According to Boraks21, the extraction of dental elements and/or tooth abrasion causes loss of oral cavity height. The skin becomes thinner and drier, with loss of muscle tone. The production of saliva and size of salivary glands decrease, possibly causing xerostomia. Dryness causes traumatic erosions and ulcers, burning sensation, fibrosis and loss of mucous elasticity. Histologically, there is an increase in attached gingiva and decrease in its characteristic outline, and low keratinization and cell number in gingival connective tissue22.

The enamel undergoes structural changes, cement thickens, and periodontal fiber and ligament shrink or disappear, reducing tooth mobility and increasing susceptibility to fractures. The healing ability of the pulp decreases because of the low number of cells and blood vessels, making elderly individuals more vulnerable to irreversible pulpal damage caused by cavity preparations and dentures23.

One of the most common changes seen in the elderly during clinical examination is gingival recession, more likely due to vigorous brushing than to age or even periodontal disease24, reinforcing the need of teaching proper oral hygiene and tooth brushing techniques.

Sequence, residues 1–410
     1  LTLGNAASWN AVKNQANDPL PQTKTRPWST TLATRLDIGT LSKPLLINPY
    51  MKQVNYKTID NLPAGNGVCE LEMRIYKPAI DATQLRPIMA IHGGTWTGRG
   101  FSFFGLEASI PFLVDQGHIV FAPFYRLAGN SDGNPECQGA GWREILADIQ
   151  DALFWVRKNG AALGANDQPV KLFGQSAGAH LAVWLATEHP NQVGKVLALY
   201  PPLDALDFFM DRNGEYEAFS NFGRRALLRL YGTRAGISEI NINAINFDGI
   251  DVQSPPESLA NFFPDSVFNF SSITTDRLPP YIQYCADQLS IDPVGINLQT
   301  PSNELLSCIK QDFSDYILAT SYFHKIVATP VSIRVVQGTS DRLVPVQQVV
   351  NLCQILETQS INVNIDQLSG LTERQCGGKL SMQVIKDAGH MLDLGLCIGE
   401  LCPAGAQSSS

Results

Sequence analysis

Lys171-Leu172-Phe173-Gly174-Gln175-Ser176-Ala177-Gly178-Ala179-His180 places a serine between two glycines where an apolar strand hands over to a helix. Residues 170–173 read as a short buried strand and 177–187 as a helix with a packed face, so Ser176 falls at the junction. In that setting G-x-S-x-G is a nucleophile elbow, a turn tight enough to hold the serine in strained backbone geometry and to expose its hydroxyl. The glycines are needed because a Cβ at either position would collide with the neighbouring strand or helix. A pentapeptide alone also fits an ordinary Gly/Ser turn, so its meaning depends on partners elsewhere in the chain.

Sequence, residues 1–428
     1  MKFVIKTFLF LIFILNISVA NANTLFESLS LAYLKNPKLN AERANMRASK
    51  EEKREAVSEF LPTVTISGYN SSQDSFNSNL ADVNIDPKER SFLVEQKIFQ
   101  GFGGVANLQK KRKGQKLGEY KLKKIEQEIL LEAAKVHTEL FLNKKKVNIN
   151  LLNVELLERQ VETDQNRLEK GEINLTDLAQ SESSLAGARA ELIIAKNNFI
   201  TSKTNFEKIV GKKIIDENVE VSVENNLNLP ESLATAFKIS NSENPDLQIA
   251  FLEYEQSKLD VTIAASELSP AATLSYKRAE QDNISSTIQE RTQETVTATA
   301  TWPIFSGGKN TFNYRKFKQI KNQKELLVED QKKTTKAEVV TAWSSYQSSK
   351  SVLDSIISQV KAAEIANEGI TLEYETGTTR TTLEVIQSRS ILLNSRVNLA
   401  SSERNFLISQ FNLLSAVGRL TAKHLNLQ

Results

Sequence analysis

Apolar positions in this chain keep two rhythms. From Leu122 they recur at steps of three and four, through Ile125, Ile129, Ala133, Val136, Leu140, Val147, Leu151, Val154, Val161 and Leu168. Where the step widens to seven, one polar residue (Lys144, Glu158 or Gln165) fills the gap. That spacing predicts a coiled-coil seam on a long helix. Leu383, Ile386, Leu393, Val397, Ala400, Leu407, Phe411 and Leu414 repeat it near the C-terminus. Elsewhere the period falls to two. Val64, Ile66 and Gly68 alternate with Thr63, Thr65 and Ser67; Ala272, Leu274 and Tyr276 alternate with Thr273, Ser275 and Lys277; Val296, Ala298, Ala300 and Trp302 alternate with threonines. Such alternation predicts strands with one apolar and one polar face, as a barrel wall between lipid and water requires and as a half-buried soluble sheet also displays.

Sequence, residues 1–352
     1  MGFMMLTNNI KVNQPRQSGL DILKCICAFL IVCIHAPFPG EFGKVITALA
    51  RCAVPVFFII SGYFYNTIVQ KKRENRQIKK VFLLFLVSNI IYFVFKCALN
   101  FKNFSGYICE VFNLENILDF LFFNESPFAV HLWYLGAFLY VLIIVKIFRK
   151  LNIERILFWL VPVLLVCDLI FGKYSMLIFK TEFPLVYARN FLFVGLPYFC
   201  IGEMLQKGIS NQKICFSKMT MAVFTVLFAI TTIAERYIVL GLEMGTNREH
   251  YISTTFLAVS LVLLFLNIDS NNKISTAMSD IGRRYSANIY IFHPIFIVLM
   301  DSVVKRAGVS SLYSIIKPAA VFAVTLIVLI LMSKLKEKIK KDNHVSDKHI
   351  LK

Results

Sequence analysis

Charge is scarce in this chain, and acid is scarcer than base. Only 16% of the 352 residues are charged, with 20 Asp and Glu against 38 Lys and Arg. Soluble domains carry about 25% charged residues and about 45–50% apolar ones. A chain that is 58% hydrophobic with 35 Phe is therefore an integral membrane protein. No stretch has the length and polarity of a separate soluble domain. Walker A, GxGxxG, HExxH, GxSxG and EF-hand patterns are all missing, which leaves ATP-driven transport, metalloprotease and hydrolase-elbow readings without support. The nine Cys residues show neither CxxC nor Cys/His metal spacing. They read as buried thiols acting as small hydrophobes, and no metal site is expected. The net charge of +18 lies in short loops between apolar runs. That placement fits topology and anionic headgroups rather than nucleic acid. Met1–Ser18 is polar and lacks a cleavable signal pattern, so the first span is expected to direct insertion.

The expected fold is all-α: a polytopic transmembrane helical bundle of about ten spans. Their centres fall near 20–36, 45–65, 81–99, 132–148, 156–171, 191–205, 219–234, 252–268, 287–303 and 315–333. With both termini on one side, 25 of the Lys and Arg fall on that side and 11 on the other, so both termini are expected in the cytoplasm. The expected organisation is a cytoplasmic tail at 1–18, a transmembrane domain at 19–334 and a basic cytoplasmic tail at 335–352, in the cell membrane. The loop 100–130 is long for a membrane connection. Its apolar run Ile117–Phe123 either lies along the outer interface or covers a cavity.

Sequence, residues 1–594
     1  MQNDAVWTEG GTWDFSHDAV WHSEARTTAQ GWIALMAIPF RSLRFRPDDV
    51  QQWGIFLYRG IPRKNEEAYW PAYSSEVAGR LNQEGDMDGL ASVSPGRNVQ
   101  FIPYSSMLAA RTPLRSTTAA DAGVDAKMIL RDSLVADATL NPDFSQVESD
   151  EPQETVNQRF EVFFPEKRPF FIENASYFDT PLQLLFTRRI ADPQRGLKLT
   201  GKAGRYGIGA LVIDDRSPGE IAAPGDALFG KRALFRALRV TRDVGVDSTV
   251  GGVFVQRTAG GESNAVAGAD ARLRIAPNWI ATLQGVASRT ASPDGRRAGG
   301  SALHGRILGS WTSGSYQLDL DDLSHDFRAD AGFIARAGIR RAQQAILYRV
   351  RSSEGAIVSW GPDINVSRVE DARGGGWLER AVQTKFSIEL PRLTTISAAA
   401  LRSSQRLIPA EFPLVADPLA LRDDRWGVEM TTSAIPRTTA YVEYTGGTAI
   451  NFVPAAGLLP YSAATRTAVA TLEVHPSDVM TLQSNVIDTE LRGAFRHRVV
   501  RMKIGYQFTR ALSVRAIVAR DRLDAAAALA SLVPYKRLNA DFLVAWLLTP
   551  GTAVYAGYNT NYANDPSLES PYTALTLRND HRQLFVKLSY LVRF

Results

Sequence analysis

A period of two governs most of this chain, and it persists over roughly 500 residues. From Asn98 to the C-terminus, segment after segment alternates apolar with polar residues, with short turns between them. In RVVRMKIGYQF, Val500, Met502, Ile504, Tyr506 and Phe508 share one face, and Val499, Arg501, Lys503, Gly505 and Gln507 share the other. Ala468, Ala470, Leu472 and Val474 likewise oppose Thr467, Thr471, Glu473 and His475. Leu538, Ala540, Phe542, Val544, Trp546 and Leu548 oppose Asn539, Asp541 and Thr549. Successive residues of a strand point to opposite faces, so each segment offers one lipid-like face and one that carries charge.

According to Brunetti & Montenegro15, the loss of dental elements affects all body organs and social activities, since poor appearance may cause social exclusion.

Most common diseases in the oral cavity of the elderly

According to the literature, the most common diseases in the oral cavity of the elderly are radicular caries, periodontal disease, edentulism, xerostomia and poorfitting dentures.

Treatment planning for highly complex cases in elderly patients requires an analysis of the general status of the teeth, that is, checking for loss of supporting structure, risk of cusp fracture, migration, abrasion, caries, pulpal changes with periapical repercussions, root perforation, fractures and loss of height. Only after thorough examination should a treatment be proposed to a patient. The availability of the patient, his/her interest in keeping and restoring the dental elements and oral hygiene habits must be taken into consideration15.